The overzealous war on indoor tanning.
The cigarette war is winding down, as one country after another bans public smoking. A week ago, the top three soft-drink makers surrendered the first big battle of the junk-food war, agreeing to remove sodas from elementary and middle schools. A few days later, spooked by the outcry against fast food and childhood obesity, Disney fled an advertising deal with McDonald's. Nobody wants to be the new Joe Camel.
But somebody will be. Look out your window: Summer is coming. Teens are getting ready for their proms. It's tanning season—time to stretch out on the beach, or under an ultraviolet lamp, and soak up a nice, warm dose of lethal radiation.
If you've had trouble seeing Cokes or cheeseburgers as the moral equivalent of cigarettes, brace yourself for the next public health menace: the sun. You thought it was our smiley-faced friend? Think again. Skin cancer rates are soaring. We're basking outside too long and with too little protection. The health cops want us to stop, but regulating a ball of fire 1 million times the size of Earth is somewhat more difficult than regulating corn chips. So, they're going after the radiation source they can get their hands on: tanning salons. A bill in Congress would stiffen health warnings on tanning machines. The American Medical Association is asking lawmakers to put these machines off-limits to anyone under 18, and the American Academy of Dermatology wants to outlaw them altogether.
About 30 million Americans use tanning salons. At least one of every four teenage girls, and nearly one of every two girls aged 18 or 19, has tanned indoors at least three times. Why? According to this month's Archives of Dermatology, "[ultraviolet] radiation, a classified carcinogen, is commonly and specifically marketed to adolescents through high school newspaper advertising" by salons. Why do kids keep coming back? A study in the current Journal of the American Academy of Dermatology suggests "frequent tanning is driven by an opioid-dependent mechanism." In other words, it's a physical addiction. It even has a street name: tanorexia. Harmful, addictive, marketed to kids—that's the three-count indictment that brought down tobacco and soft drinks.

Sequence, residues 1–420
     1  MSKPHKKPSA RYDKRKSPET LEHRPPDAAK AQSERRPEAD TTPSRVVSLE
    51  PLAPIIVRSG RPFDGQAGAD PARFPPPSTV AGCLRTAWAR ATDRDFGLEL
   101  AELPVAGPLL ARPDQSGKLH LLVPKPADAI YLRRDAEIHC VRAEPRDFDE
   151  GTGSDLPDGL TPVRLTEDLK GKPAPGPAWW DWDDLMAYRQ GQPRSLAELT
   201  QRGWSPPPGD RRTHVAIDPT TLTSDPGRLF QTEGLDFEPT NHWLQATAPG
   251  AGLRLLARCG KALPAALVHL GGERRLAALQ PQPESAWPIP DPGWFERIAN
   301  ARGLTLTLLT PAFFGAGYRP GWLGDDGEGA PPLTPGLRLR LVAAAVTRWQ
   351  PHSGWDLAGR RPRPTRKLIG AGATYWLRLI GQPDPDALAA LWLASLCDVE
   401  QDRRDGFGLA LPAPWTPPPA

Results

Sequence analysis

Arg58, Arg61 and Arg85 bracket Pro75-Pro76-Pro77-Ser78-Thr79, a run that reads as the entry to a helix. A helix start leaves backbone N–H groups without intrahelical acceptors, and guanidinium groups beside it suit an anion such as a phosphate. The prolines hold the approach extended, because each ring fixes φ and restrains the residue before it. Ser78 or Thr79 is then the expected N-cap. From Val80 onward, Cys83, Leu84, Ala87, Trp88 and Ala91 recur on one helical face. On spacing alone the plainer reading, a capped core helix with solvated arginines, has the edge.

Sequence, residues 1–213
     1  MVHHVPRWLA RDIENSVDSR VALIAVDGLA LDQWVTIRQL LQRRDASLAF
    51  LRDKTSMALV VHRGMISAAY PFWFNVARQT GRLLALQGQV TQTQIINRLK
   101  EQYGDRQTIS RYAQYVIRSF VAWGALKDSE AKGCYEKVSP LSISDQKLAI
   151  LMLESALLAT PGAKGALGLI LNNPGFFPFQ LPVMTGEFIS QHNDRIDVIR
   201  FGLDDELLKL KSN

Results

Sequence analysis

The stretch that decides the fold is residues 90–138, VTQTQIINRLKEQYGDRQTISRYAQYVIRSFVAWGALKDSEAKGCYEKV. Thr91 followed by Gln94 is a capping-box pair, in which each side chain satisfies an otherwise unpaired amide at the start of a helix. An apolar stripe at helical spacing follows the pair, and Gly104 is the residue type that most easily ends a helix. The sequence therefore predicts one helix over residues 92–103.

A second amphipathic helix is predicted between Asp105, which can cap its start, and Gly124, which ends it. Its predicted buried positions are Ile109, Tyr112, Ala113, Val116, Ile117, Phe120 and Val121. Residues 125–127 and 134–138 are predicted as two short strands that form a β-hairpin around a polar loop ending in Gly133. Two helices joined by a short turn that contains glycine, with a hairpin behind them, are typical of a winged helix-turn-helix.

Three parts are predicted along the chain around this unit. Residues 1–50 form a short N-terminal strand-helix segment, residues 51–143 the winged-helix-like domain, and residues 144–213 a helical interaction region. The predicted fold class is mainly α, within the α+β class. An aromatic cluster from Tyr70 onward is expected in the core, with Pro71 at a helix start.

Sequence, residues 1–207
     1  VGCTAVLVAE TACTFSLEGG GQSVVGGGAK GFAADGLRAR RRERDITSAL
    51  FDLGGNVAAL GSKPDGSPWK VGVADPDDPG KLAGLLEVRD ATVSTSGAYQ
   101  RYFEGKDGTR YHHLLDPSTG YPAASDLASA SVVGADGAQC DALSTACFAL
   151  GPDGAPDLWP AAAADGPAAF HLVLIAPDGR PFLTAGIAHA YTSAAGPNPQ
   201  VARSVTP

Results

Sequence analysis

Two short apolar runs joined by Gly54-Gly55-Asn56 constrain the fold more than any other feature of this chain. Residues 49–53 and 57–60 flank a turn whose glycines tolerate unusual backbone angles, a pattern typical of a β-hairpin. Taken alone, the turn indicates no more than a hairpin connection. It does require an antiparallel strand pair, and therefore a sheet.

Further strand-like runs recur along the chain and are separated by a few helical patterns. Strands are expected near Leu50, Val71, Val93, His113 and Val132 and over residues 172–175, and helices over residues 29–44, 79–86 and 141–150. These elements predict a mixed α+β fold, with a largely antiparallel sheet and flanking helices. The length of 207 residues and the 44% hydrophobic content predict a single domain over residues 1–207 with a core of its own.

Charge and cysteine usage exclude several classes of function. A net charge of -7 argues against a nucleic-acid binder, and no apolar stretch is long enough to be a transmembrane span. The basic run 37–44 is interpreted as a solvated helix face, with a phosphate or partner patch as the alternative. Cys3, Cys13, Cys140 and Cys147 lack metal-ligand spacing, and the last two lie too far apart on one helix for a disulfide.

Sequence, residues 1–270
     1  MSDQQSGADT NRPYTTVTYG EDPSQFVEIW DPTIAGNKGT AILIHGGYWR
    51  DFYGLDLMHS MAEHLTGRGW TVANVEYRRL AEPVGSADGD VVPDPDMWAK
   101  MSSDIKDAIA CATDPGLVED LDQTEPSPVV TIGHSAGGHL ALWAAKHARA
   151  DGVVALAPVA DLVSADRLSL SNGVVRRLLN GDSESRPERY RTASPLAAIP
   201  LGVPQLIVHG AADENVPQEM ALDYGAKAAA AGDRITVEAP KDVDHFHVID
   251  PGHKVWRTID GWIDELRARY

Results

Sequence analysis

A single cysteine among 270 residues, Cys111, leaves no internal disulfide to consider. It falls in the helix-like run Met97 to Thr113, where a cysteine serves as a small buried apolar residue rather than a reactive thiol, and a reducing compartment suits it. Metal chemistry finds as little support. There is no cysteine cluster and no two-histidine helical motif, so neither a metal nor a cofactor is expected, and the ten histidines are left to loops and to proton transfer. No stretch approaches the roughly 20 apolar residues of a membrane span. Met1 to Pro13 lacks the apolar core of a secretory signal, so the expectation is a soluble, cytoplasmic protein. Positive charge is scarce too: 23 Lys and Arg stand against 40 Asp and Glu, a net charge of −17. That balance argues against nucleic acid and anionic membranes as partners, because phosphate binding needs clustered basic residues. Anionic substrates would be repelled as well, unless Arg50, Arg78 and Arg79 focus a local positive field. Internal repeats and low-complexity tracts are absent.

Like the tobacco companies, the salons live in a bubble of denial that cries out for oversight. Last year, in a survey by Consumer Reports, one of every three salons denied that tanning could cause skin cancer or would age a client's skin. Their lobbying arm, the Indoor Tanning Association, asserts that "your body is designed to repair any damage to the skin caused by ultraviolet light exposure"—as though nobody ever died of melanoma—and hilariously suggests that exposing adolescents to the summer sun for two or three more hours per day would eliminate most cases of multiple sclerosis.
Still, there's something misguided about the crusade against tanning salons. Actually, two things: liberal bias against industry, and conservative bias against sensuality.
Liberal bias puts too much scrutiny on indoor rather than outdoor tanning. Seeing nature as good and industry as evil, we treat salons as though they've perverted sunshine into a carcinogen. Politicians and medical associations say indoor tanning is worse because it cooks you faster and its risks are harder to recognize. That's exactly wrong. Outdoors, you have no clue how much radiation you're getting. Your estimate, based on the season or hour, is pure guesswork. You probably never think about altitude. You mistakenly assume that clouds, your white T-shirt, or being underwater are shielding you from more than a fraction of ultraviolet rays. You have no idea that the "SPF" factor advertised on your sunscreen tells you nothing about whether it blocks the rays that cause melanoma.
Yes, an indoor lamp can cook you faster. But you can choose the cooking rate, and knowing that rate, you can control the dose and customize it to your skin type. You can even regulate the composition of the light, avoiding rays that cause sunburns. A salon operator can program her machines to shut off after 20 minutes. Try shutting off the sun.
Conservative bias, meanwhile, puts too much emphasis on abstinence rather than moderation. Health advocates, determined to convince the public that tanning isn't risk-free, have simplified their message to the point of untruth. Even Cosmopolitan has suddenly gone prude. "A suntan is actually just as destructive to your skin as a raw, pink sunburn," the magazine warns in its May issue. Wrong again. The most thorough review of data, issued five months ago by a European Commission science panel, found clear correlations between sunburns and skin cancer, but no such clarity in studies of tanning salons and skin cancer. That's because a sunburn conveys how much radiation you got; a salon doesn't. The less often you tan, the softer the light, and the shorter your exposure, the lower your risk. It isn't the degree of risk that drives doctors crazy. It's that people are taking that risk, as the AAD puts it, "solely for cosmetic reasons." Pleasure! Superficiality! Yuck!
Will Saletan covers science, technology, and politics for Slate and says a lot of things that get him in trouble.
Illustration by Nina Frenkel; photograph of woman in a tanning bed on the Slate home page by Marianna Day Massey/Zuma Press.